HomePlug Networks to Pick Up Speed
NAPA, CALIFORNIA -- Less than a year after the first HomePlug products shipped, the trade group behind that networking standard is preparing for the sequel. The HomePlug Powerline Alliance has announced plans for a faster, more multimedia-friendly upgrade to the standard for networks using existing electrical wires.
The next-generation spec will be called HomePlug AV rather than HomePlug 2.0. The group wants to emphasize the standard's accessibility to the target home users, as well as its goal of promoting video streaming and audiophile-quality sound in homes, says Tom Reed, HomePlug Powerline Alliance president. The announcement came Thursday at the organization's third annual meeting in this wine-country town.
"The quicker we can move away from PC-to-PC networking and to consumer-electronics networking, the better it's going to be," Reed says.
While the speed of HomePlug AV is not yet determined, Reed says streaming high-definition TV requires 20 megabits per second. The current HomePlug 1.0 spec tops out at 14 megabits per second, slightly faster than Wi-Fi wireless networks.
But speed alone won't distinguish HomePlug AV from
Ethernet and Wi-Fi don't currently offer any quality-of-service features. The IEEE is working on a Wi-Fi quality-of-service variant, 802.11e, but HomePlug proponents say that effort is hampered by inherent problems in Wi-Fi's underlying ethernet architecture.
Another goal of the new HomePlug spec--competitive pricing--is already being realized by newer HomePlug 1.0 devices. Linksys adapters that were introduced at $149 are already selling for $99, and vendors at Wednesday's meeting said adapters should soon be available for as little as $79. That would put HomePlug on a par, pricewise, with 11-mbps Wi-Fi. Ethernet is the next most popular home networking standard.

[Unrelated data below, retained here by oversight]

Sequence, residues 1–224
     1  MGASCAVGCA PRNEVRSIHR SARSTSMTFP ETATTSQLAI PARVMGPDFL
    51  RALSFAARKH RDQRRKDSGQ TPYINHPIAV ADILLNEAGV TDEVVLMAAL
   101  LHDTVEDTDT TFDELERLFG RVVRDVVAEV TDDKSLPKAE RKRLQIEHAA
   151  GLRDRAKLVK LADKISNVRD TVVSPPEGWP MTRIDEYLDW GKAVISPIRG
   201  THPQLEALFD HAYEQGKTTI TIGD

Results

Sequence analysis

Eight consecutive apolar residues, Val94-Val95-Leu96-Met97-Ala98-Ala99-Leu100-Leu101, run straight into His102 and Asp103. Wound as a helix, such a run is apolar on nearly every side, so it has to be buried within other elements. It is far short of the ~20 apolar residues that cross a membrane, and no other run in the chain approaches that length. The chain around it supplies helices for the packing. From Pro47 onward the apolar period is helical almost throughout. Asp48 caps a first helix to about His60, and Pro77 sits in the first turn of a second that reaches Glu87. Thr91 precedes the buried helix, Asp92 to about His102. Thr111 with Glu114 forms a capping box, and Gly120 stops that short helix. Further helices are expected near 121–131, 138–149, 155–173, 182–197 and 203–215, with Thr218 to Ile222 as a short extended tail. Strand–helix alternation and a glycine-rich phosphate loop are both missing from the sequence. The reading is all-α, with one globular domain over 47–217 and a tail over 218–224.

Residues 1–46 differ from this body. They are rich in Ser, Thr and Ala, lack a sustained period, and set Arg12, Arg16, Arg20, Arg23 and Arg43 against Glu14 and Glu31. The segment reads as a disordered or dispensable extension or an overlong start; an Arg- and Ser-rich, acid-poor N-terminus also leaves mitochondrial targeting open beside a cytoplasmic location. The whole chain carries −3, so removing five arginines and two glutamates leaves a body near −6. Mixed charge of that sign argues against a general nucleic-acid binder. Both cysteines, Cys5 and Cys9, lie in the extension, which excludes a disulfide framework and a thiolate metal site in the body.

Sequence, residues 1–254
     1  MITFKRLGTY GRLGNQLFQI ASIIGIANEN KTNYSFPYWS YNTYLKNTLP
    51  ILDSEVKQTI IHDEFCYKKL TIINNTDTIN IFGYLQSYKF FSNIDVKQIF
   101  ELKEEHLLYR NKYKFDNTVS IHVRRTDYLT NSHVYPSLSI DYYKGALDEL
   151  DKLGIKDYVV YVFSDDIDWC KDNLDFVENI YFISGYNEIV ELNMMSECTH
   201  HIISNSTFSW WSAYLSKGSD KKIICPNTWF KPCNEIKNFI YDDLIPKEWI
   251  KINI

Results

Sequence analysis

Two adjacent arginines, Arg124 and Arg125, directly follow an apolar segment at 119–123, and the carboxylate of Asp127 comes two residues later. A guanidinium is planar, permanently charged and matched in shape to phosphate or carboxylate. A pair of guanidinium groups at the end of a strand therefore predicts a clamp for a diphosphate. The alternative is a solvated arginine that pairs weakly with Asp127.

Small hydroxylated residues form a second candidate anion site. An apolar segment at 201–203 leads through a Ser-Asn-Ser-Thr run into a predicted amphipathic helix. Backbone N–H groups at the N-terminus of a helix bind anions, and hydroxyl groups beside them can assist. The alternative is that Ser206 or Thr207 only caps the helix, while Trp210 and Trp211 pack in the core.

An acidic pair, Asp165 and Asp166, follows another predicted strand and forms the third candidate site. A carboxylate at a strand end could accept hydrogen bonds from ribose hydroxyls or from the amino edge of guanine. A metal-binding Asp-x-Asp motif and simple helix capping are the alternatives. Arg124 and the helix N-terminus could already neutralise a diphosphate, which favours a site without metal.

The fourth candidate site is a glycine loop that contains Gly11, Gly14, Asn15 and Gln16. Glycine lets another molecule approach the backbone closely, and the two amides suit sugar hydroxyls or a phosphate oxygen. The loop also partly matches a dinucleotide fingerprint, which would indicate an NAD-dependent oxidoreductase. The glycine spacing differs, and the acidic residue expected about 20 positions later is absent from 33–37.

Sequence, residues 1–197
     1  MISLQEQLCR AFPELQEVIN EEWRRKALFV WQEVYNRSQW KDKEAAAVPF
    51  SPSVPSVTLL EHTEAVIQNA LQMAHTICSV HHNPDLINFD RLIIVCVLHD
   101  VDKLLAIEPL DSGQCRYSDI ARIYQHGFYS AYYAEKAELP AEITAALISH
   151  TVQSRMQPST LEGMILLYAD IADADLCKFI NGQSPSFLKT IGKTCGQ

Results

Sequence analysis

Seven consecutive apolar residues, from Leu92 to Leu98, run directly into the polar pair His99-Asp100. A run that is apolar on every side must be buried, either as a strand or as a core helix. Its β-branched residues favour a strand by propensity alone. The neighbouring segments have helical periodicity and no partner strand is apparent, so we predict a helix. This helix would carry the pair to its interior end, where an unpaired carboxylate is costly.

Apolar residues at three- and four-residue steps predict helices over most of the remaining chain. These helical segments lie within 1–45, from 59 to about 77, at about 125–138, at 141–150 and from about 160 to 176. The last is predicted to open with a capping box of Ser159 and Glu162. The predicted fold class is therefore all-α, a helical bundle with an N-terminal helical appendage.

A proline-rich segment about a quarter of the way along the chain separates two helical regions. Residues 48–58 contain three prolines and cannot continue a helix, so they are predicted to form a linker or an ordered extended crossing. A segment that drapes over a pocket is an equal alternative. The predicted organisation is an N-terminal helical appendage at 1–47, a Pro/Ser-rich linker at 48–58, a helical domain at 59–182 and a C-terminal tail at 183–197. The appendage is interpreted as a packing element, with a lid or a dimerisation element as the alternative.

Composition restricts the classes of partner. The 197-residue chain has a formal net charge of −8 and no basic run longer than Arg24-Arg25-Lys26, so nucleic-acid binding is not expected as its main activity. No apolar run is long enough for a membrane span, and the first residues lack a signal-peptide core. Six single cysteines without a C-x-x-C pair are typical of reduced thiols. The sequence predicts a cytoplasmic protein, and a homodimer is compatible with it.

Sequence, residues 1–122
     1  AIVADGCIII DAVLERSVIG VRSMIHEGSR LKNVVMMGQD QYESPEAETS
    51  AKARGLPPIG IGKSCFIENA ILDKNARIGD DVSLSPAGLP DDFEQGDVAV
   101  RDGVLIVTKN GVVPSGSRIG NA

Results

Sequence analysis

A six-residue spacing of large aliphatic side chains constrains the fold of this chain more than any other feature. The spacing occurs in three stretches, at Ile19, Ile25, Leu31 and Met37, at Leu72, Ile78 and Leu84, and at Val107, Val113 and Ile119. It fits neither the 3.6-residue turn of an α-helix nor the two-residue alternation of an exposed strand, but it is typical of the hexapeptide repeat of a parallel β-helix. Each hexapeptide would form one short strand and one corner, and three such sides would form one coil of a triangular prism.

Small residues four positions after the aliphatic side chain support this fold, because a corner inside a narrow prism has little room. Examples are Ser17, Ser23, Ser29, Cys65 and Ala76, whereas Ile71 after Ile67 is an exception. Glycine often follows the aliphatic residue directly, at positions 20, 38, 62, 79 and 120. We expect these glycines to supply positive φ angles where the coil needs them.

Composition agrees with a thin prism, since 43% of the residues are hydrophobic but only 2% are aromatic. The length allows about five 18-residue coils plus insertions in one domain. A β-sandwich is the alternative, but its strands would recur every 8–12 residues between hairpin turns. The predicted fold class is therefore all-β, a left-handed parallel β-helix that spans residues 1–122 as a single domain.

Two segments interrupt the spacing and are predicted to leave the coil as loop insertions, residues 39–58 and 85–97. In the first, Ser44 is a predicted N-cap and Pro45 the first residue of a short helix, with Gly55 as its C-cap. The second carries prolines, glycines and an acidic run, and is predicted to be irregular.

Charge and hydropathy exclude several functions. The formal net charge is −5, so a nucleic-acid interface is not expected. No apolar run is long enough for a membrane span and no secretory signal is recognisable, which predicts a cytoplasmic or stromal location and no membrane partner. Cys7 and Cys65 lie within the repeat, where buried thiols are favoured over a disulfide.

HomePlug adapters are also getting smaller. The first ones were heavy brick-size devices with cables at either end--one terminating in a standard plug for a wall outlet, and another in either an ethernet or USB connector. But newer models will be about the size of a PDA AC adapter, and will dispense with one of the cables by plugging directly into a wall outlet.
These smaller, cheaper
Radio Shack's Pete Griffin said the standard's use of existing electrical wiring in homes may put off consumers who remember being told as children never to put their fingers in electrical outlets.
And Cahners In-Stat analyst Mike Wolf told organization members that HomePlug is a promising technology that faces a tough battle in gaining consumer awareness and market share.
"The market is in its infancy," he noted, adding that HomePlug's timing isn't great because of the economy. "Equipment vendors aren't willing to gamble on new technology."
Wi-Fi has a commanding lead over HomePlug in
The next-generation spec's multimedia features could also prove compelling, he added. "It's definitely the way they need to go."